This year’s annual global celebration of geosciences known as Earth Science Week is set for Oct. 12-18.
A poster promoting activities being held during this year’s event was inserted in U.S. addresses of this September EXPLORER.
Since its inauguration in October 1998, the mission of Earth Science Week has been to promote the understanding and appreciation of earth science, as explained by Katelyn Murtha, outreach associate at the American Geosciences Institute (AGI), which coordinates the event.
“Current professionals are well aware of the disconnect between science and the general public,” said Murtha.
She and others hope Earth Science Week can help bridge that gap, especially among young people, as each year community groups, educators and interested citizens organize educational and celebratory events around the Earth sciences.
“It is imperative that future generations understand the value of our natural resources, as well as be inspired by the wonders of our planet to maintain the integrity of the field,” she said.
Hoping to inspire and spark new interest in the geosciences, Earth Science Week has “something for everyone,” from students just beginning their education to adults considering a career change.
Murtha assures that the event will serve as a reminder of all the opportunities geoscience has to offer.
“Earth’s Connected Systems” is the theme of this year’s Earth Science Week, and will focus on how the geosphere, hydrosphere, atmosphere and biosphere are all intrinsically linked.
“We also have ‘Focus Days’ to allow each day to be special in its own way,” Murtha added.
♦ International Earthcache Day and No Child Left Inside Day, both of which encourage active participation in the field, allowing students and teachers to leave the traditional classrooms behind.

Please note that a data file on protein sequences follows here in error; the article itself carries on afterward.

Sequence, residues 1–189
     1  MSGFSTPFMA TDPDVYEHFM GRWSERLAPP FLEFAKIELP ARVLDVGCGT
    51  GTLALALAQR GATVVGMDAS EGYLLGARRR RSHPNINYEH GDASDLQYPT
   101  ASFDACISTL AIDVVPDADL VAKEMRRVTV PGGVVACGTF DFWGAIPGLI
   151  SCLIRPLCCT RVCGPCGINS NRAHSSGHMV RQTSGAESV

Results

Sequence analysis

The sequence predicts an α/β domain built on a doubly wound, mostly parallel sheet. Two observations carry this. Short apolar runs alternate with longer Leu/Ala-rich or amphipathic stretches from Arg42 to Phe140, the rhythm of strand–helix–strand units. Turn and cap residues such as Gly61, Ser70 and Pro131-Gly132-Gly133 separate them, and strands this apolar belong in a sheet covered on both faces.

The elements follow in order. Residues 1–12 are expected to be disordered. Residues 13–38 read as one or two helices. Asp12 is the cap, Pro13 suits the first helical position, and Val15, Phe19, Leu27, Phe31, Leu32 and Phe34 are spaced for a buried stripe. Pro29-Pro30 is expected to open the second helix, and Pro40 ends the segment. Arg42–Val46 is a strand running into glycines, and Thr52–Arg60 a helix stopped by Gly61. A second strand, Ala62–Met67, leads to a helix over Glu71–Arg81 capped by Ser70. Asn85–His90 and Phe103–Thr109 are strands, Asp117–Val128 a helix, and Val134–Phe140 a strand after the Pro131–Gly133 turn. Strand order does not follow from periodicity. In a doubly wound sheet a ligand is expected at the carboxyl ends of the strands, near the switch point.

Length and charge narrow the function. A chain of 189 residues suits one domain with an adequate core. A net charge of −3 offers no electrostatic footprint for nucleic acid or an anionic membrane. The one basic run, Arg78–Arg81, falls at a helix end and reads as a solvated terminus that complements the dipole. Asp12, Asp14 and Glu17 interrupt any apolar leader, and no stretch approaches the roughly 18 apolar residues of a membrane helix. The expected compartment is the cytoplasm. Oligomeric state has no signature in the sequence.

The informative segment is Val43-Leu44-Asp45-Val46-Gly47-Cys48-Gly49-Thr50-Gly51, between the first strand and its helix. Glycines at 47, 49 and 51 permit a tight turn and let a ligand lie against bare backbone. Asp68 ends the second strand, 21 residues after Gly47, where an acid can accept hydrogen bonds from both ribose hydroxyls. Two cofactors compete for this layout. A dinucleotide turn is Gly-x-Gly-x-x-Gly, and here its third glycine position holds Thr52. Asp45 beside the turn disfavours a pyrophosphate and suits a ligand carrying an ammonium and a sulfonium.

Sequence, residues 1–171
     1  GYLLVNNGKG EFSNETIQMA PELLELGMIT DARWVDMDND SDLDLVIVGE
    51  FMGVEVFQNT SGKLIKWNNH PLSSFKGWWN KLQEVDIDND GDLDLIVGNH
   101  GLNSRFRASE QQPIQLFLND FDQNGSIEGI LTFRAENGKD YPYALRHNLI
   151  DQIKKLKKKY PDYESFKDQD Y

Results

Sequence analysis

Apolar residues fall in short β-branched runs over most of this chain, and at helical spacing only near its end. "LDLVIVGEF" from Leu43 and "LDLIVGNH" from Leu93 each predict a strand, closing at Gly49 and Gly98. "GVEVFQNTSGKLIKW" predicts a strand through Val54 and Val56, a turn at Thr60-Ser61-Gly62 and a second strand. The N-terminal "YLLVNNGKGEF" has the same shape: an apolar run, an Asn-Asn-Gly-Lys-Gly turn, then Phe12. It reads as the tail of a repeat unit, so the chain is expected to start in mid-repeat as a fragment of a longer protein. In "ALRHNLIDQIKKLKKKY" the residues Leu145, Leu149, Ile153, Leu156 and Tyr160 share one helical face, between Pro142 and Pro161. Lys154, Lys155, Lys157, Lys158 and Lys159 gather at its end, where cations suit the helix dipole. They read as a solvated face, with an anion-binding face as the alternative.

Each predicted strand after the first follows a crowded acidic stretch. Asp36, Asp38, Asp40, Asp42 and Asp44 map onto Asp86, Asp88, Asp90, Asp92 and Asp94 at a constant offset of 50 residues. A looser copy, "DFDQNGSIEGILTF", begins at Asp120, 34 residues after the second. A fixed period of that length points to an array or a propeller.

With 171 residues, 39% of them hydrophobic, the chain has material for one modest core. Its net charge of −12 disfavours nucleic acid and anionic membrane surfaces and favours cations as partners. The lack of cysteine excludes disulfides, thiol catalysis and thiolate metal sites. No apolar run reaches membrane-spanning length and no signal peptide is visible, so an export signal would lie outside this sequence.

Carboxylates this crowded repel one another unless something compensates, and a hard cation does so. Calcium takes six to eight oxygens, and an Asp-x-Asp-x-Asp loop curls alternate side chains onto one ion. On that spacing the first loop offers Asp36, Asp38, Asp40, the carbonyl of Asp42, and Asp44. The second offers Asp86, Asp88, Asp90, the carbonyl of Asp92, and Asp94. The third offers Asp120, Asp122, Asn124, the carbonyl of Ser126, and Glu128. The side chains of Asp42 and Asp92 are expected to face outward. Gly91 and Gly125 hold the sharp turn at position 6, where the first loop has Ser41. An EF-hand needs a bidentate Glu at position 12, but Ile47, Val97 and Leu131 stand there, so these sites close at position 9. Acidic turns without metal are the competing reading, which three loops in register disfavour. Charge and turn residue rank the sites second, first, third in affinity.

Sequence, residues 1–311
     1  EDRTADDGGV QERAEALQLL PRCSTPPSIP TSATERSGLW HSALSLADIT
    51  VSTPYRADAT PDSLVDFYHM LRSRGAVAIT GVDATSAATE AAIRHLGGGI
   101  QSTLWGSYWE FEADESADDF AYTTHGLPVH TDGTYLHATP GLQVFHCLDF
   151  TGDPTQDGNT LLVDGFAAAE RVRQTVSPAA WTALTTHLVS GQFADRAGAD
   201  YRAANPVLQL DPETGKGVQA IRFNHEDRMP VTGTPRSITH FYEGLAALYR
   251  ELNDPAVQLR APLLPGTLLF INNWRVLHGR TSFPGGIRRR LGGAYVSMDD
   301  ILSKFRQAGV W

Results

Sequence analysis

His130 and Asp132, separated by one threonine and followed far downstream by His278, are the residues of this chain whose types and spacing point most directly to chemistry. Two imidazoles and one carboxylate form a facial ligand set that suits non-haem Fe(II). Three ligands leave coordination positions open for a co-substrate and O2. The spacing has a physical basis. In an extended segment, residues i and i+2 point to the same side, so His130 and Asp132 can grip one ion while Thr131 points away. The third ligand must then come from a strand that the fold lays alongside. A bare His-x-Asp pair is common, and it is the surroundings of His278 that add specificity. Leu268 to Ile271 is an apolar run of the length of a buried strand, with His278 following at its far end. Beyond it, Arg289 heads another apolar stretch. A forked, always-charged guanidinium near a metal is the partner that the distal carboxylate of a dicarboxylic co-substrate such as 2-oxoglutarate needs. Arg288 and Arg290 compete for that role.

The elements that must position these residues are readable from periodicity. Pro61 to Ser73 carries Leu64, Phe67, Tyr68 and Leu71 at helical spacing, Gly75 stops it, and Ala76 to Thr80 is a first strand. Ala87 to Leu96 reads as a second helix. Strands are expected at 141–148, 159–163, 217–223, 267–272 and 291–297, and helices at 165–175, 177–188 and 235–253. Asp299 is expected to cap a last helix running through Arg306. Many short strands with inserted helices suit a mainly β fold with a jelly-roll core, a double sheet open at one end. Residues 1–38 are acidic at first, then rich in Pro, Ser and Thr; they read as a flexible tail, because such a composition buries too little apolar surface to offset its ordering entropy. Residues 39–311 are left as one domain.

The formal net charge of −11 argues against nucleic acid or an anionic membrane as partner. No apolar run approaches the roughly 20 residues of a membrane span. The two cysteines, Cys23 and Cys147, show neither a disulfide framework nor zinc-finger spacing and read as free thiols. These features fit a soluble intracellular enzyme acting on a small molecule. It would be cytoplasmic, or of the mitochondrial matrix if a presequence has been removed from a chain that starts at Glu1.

♦ National Fossil Day, which focuses on fossils both large and small, from marine corals to large dinosaurs and flying reptiles.
♦ Geoscience for Everyone Day, a new initiative to inspire students from underrepresented communities to explore the exciting careers in geosciences.
♦ Geologic Map Day, a group effort involving AGI, the U.S. Geological Survey, the Geological Society of America and others to educate students about geologic maps and how they aid the public in policy, construction and natural resources.
Murtha recalls celebrating Earth Science Week as an undergraduate at Bowling Green State University.
“The geology department had a reading room for the students, and I took it upon myself to keep the spirits of my fellow students high,” she recounted.
She did this by writing “Happy Earth Science Week” in big chalk letters, with her own tagline, “May the quartz be with you,” which actually became a kind of rallying cry to “stay strong” as the semester’s work became more difficult.
Although there are many great aspects of Earth Science Week, Murtha shared that her favorite is usually the contests. They include visual arts (grades K-5th grade), essays (6th-9th grades) and photography (open to all U.S. residents).
Murtha described how hard being a judge was, because submissions are all so spectacular: “The contests are a creative way for participants to express their passion for geology,” she said, “which allows students who are more shy to still be involved.”
There are many ways for adults and geoscience professionals to be active during this important week.
“Celebrating Earth Science Week can be as simple as giving a short presentation to a classroom or scout group, or donating Earth Science Week toolkits to a school,” Murtha said. “For a larger celebration, consider leading a field trip to a local point of geological interest, hosting a geoscience fair at a school, or constructing a rock, mineral or fossil display for a library.”
For more ideas, visit the Earth Science Week website, or email your questions..
Earth Science Week is organized annually by AGI with support from the AAPG Foundation, U.S. Geological Survey, NASA, U.S. National Park Service, ExxonMobil, ESRI and others.